Penboscot Bay Press Compass Logo

Penobscot Bay Press
Community Information Services

News Feature

Blue Hill
Originally published in Castine Patriot, April 4, 2019 and Island Ad-Vantages, April 4, 2019 and The Weekly Packet, April 4, 2019
Fiberight starts operations at Hampden facility
Transfer station ‘first in line’ to send waste

by Anne Berleant

Fiberight, the new waste-to-biofuel facility in Hampden, will begin accepting materials this month, and the Blue Hill-Surry Transfer Station is “first in line,” Director of Community Services Shelby Wright told the Solid Waste Committee March 26 at Blue Hill Town Hall.

The committee signed a 15-year contract with MRC/Fiberight in 2016. At the time, Fiberight said it would be up and running by April 2018, when MRC’s 30-year contract with Penobscot Energy Recovery Company ended.

A year later, the $70 million, 144,000-square-foot facility has accepted its first recyclable materials, with solid waste arriving later this month.

Wright pointed to legal challenges to the project’s environmental permits as the reason for the delay.

She also explained the facility’s recycling program, which partners with Coastal Resources of Maine and is a separate contract from that of solid waste.

While a single-stream program, it excludes glass and plastics #3-#7, currently accepted in the transfer station’s single-stream program, which started in September 2016.

Although a steep drop in the commodities market followed, and recycling processors began to landfill recyclables, the station continued its single-stream program, sending the recyclables to PERC, where material is burned to produce electricity. The station also encouraged separating cardboard and metals, which the station could sell.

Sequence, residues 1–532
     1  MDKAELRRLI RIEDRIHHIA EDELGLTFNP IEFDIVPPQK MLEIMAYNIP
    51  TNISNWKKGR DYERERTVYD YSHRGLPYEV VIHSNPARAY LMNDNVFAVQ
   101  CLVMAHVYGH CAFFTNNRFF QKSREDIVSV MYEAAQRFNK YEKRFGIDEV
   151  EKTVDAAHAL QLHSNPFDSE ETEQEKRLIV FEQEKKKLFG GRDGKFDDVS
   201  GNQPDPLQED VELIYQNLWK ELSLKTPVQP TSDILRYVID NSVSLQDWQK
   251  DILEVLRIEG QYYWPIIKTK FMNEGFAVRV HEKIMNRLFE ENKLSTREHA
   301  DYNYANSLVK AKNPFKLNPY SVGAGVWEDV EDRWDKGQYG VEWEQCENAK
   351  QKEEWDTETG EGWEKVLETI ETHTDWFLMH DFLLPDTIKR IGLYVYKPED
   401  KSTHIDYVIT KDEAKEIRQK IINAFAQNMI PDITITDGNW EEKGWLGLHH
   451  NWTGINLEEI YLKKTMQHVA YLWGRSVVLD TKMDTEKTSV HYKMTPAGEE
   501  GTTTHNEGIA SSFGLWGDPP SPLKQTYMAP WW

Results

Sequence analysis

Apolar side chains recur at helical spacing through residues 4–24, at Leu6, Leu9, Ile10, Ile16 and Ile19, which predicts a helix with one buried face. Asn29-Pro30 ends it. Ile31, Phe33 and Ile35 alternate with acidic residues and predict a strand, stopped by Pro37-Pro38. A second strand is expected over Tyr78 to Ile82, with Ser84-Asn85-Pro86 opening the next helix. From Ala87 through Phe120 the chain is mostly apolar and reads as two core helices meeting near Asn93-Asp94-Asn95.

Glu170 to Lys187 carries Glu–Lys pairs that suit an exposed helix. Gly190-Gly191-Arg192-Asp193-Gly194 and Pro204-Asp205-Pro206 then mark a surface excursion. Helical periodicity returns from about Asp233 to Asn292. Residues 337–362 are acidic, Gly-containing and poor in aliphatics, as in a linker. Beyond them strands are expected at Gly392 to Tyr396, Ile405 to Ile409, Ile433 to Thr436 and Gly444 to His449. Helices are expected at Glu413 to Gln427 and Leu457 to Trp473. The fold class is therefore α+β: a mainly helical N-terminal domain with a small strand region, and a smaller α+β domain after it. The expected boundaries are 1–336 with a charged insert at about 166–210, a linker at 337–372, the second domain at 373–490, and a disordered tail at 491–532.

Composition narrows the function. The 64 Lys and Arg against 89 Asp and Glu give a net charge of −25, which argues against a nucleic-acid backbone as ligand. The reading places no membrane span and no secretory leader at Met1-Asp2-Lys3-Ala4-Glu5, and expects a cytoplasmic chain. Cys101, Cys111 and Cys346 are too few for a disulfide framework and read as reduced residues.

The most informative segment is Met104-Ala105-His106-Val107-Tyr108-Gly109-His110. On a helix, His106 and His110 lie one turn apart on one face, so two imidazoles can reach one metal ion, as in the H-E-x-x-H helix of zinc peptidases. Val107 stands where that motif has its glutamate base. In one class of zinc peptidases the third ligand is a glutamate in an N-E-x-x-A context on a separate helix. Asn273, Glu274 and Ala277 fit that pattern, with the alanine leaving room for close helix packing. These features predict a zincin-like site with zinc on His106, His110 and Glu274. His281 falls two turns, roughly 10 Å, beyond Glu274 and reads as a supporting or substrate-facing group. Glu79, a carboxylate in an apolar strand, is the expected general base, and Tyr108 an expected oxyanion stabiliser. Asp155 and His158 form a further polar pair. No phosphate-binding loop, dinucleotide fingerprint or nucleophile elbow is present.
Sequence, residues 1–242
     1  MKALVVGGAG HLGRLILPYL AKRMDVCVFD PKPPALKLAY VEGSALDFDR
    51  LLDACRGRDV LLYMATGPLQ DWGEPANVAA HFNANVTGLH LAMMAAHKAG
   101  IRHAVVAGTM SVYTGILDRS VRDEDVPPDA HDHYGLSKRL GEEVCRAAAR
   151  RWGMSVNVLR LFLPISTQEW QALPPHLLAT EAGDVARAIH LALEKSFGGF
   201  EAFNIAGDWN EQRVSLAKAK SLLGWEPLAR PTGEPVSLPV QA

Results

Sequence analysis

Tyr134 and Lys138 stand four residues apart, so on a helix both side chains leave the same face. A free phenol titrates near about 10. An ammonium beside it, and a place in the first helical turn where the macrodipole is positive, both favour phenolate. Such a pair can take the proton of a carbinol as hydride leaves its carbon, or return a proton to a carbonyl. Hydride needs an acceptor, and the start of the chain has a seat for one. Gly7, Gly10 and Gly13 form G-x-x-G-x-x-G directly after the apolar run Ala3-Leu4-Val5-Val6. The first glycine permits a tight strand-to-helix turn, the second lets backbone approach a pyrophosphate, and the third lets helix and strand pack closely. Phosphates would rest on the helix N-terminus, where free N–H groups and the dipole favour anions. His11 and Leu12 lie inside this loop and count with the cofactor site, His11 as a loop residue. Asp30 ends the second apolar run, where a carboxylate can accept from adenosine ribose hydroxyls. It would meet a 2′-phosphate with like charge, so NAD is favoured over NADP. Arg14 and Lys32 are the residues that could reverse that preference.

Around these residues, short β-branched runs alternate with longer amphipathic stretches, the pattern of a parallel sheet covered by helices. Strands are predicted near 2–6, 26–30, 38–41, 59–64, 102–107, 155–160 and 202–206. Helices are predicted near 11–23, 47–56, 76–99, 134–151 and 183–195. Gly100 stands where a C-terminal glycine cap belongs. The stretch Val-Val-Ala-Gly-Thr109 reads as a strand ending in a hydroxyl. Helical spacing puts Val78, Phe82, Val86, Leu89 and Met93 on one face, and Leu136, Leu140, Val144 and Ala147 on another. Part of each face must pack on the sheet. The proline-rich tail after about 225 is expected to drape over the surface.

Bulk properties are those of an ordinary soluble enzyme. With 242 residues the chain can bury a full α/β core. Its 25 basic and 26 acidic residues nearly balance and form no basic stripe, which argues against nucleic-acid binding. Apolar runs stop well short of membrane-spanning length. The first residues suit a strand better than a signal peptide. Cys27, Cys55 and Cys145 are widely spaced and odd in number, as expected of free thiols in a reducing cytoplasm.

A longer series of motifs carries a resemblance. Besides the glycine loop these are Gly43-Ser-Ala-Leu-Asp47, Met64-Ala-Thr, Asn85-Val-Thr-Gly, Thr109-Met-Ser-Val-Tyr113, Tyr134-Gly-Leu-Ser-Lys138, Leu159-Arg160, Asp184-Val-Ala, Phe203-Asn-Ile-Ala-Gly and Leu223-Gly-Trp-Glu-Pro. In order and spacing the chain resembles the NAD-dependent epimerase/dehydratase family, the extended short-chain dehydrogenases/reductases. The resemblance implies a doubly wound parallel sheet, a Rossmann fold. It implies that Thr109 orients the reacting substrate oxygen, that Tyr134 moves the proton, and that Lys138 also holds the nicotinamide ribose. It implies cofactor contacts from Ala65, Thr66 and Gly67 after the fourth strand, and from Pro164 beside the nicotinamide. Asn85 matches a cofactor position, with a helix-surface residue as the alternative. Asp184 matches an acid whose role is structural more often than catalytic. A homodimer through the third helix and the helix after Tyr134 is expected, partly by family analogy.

But under the contract with Coastal Resources, the price will go up if select recyclables are pulled, Wright said.

“You can’t pull out the valuables [without] negotiating a different tipping fee,” Wright said.

The contract details a 50 percent reduction from solid waste tipping fees for recyclables, or $35 per ton. The $70-per-ton fee for solid waste is variable and tied to the consumer price index.

“I think $52.50 is too close to $70,” Blue Hill Selectman Vaughn Leach said. “Even if [we] pull out cardboard, [recyclables] are still likely to be contaminated.”

Recyclables must have a below-10 percent contamination rate to qualify for the reduced cost, a concern for committee members.

“We just got [people] educated to throw [everything] in,” Surry Selectman Bill Matlock said.

Recyclable material will also be sorted from municipal solid waste at the facility, Wright said.

With no deadline for signing the recycling contract—the offer is on the table as long as the transfer station is an MRC member—selectmen were in no hurry, and plan a vote at their April 23 meeting.